On Sunday afternoon, parishioners at St. Nicholas Russian Orthodox Church in downtown Juneau gathered to celebrate Pascha together, a welcome return to the in-person celebration of the holy day after the pandemic restricted many in-person church services across the country last spring.
As the oldest, continual use Orthodox structure in Southeast Alaska, many celebrations and holidays have taken place in the distinct, domed building over the last 127 years.
According to the Rev. Simeon Johnson, parish rector, Pascha — or Easter services — have been held there every year since the temple’s construction in 1894.
“To the best of my knowledge, 2020 was the only year that services were not open to the public. We had services last year as well, but they were restricted by diocesan policy to the priest and his household due to the small size of Juneau’s space,” Johnson said in an email Monday.
Johnson said that from 1913 to 1940, the Rev. Andrew Kashevaroff, namesake of the Alaska State Museum and Archive building, served as rector of the church. After his long tenure, there were times when the parish did not have a full-time priest. In those circumstances, the Diocese of Alaska sent a supply priest to celebrate Paschal, Johnson said.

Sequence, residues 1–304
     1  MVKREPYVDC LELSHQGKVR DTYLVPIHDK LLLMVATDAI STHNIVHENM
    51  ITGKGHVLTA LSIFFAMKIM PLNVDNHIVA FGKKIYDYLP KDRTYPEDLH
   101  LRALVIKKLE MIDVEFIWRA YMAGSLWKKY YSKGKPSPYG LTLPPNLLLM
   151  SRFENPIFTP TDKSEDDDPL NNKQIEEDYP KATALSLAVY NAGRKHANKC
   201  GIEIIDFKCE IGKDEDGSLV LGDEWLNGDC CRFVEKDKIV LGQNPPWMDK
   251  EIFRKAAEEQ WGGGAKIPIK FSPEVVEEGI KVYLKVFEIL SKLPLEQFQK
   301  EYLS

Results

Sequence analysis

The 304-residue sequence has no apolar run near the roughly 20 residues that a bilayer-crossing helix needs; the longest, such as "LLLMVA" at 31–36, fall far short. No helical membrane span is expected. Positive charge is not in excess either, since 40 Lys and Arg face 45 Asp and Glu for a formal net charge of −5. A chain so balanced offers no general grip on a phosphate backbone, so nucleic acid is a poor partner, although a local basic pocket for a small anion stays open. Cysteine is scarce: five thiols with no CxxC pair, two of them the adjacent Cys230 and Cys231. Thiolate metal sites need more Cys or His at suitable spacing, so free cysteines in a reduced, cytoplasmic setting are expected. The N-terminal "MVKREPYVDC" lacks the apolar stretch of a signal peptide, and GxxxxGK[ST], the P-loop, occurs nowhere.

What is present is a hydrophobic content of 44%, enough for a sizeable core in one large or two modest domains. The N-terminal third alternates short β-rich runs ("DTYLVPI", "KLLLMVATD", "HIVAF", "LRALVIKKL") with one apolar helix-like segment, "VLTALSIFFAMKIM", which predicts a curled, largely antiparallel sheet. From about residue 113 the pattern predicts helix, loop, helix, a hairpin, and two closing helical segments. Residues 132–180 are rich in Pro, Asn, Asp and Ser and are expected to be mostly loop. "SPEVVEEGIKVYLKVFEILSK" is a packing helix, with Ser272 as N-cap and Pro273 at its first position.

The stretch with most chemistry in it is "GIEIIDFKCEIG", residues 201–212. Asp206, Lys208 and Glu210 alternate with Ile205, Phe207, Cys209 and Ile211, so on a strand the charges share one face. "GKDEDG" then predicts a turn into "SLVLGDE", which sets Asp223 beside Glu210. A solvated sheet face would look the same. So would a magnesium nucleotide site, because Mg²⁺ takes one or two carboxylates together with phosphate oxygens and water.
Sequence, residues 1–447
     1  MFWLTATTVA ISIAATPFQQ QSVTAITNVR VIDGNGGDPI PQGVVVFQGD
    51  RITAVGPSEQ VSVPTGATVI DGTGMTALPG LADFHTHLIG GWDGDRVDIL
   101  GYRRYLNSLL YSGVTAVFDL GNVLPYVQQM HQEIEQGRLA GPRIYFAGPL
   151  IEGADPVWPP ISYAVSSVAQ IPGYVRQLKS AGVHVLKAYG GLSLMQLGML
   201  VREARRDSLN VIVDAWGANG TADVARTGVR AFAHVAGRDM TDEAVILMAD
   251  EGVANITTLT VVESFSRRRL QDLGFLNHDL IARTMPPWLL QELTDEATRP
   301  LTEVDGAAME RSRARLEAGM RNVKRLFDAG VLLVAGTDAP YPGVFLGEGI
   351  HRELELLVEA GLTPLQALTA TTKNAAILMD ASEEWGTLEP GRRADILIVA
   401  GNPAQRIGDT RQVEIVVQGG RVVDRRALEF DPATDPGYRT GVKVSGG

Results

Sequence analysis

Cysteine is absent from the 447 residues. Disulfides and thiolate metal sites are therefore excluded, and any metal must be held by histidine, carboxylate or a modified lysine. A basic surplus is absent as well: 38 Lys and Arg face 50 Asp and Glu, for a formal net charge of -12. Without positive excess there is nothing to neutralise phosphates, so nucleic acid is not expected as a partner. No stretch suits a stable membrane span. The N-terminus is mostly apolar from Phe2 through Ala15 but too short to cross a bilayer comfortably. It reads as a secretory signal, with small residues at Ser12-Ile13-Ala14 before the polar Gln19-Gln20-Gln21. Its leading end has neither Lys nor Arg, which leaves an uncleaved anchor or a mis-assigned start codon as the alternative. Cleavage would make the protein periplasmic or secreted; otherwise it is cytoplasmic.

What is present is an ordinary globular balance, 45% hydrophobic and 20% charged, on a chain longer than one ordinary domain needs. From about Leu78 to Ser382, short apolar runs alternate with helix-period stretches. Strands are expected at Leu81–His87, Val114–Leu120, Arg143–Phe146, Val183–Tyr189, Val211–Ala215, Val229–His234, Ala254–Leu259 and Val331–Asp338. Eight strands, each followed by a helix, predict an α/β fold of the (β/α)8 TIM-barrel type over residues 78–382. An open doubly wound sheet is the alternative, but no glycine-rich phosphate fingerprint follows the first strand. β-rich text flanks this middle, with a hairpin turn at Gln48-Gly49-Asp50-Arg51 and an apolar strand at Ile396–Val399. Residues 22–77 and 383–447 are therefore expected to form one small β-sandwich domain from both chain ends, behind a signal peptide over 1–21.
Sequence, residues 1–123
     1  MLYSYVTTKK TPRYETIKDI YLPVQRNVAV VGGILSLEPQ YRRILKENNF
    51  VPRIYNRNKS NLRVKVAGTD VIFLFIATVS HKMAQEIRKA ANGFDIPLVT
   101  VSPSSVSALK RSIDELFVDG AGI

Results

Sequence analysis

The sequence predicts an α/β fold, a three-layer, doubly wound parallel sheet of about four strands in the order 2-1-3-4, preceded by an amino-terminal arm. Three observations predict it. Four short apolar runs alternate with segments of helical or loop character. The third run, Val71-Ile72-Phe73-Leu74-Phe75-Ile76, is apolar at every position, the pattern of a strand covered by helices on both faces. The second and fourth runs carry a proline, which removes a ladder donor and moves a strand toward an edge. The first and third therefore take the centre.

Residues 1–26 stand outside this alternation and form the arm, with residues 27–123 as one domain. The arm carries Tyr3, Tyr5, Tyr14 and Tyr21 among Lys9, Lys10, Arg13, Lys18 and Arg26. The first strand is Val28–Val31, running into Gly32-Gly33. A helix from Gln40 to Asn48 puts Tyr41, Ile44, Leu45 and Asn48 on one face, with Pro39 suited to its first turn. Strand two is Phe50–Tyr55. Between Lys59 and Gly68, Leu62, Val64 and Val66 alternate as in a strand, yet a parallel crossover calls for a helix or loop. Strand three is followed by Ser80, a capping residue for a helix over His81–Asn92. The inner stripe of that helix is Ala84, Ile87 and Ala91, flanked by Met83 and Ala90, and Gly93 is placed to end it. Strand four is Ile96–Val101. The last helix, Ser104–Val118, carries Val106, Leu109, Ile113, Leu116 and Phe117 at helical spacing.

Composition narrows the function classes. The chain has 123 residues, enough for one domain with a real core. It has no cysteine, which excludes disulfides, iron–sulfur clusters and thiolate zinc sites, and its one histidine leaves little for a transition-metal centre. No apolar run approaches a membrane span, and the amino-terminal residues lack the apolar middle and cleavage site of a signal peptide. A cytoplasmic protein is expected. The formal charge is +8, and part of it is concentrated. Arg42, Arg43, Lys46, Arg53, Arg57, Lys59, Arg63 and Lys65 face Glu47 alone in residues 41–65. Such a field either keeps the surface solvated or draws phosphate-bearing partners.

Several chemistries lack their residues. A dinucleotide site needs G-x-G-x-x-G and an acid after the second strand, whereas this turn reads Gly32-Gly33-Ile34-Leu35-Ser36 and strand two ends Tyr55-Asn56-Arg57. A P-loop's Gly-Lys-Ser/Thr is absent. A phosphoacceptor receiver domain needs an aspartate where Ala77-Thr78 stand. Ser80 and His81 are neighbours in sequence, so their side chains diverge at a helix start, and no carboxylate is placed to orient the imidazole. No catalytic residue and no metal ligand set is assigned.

While parishioners in Juneau can gather, services were also livestreamed over the internet to support local villages.
“I was reassigned to Juneau by Archbishop David to reestablish some liturgical continuity in Juneau and to assist the parishes in Hoonah and Angoon, as possible. COVID travel restrictions have made that challenging, and live-streaming was established to help Juneau support our villages,” Johnson said.
About the church
According to the church’s website, “St. Nicholas Orthodox Church was founded in 1893, at the request of the local Tlingit community. Constructed locally by Tlingit people and Serbian miners in 1893-94, the church was built on land donated by Yees Ganalax and using plans and funds sent from Russia. Furnished, decorated, and outfitted by generous gifts from the Russian Mission Society, the church was consecrated by Bishop Nikolai (Ziorov) in 1894, and the church has been a fixture of the Juneau community and landscape ever since.”
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